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This passion was rooted in my studies in religion and sociology at Trinity University in San Antonio, Texas.  Much of my course work had focused on modern Western critiques of Christianity.  The principled arguments of Feuerbach, Freud and Nietzsche were powerful.  I could not refute them.  But my experience of Christianity through Intervarsity Christian Fellowship on the campus kept me grounded and growing in my faith.  Though I could not justify it intellectually, I knew that the story of Christianity was true.  It was making a difference in so many people’s lives.

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This tension became clearer, not only in the response of the Honduran couple, but in experiences after that time in Southern African and the United States.  I struggled while at Fuller Seminary with a way to speak Christianity with intellectual integrity.  Given the TV evangelist scandals of the 80s, the genocides of the 1990s in the wake of the East African revival, and the child sex abuse scandals among Catholic Priests up to the present day the task would be a challenge.  As a pastor in Mozambique, South Carolina and Los Angeles I confronted an institutional Christianity that left so many stern, insecure and unloving Christians unchanged and while having a minimal impact upon the communities in which they found themselves.  As a father, I worked with my wife to  help our two sons develop a faith that is clearly expressed in their character and in their relationships with others.  Again and again that persistent question surfaced:  “What difference does Christianity make?”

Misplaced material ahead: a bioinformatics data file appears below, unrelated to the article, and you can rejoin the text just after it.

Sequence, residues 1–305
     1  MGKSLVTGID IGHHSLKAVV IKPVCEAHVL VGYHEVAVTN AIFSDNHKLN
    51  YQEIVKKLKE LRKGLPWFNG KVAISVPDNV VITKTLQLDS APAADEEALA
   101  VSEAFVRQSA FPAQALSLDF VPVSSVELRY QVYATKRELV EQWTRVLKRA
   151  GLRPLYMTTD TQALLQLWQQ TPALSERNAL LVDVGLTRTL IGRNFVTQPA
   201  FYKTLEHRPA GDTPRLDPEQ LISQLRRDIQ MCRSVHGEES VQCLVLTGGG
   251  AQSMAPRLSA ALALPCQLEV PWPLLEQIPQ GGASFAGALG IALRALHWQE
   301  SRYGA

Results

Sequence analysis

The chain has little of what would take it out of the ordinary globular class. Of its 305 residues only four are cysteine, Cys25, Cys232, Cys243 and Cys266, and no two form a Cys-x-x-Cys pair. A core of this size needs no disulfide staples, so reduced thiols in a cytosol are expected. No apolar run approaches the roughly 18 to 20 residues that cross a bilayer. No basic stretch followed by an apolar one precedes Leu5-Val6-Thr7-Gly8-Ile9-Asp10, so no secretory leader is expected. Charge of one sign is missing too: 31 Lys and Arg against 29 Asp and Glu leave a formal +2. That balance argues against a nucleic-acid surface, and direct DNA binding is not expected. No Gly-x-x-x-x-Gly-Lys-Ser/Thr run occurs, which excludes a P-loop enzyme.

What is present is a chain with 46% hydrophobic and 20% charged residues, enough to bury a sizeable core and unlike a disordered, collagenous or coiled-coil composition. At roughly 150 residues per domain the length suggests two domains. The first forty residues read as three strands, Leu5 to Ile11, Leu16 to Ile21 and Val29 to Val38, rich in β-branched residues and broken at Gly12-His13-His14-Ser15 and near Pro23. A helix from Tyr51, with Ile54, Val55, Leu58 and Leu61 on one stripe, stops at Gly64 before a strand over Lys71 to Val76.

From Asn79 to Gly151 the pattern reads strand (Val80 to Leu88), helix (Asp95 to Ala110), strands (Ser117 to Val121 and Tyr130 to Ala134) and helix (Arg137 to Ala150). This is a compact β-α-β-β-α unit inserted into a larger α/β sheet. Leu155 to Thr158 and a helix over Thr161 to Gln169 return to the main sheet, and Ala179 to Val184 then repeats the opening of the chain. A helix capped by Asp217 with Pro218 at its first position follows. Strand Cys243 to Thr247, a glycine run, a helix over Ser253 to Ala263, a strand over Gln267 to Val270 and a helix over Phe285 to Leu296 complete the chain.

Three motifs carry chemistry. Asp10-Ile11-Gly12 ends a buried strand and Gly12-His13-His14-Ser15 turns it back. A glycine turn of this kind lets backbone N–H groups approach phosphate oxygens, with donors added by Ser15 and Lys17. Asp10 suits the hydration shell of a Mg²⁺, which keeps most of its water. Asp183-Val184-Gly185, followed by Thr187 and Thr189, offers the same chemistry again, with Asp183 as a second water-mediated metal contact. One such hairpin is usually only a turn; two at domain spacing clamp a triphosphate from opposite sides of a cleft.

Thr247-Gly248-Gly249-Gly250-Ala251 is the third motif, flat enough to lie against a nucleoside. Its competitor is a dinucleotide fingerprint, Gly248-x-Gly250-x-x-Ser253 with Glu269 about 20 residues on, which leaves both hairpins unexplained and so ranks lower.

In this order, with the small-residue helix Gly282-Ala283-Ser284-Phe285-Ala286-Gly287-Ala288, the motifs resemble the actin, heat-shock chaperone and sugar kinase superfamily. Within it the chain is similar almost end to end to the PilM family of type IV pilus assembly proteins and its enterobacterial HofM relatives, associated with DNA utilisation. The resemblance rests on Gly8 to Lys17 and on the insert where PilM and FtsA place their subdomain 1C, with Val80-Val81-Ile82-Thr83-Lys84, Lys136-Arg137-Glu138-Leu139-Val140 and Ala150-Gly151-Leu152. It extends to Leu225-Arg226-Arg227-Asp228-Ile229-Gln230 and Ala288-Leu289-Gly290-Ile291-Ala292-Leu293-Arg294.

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Wirkungsgeschichte is dedicated to an embodied response to that couple as well as to post-modern Western culture.  It says, “Christianity does make a difference.  Let me show you what I mean!”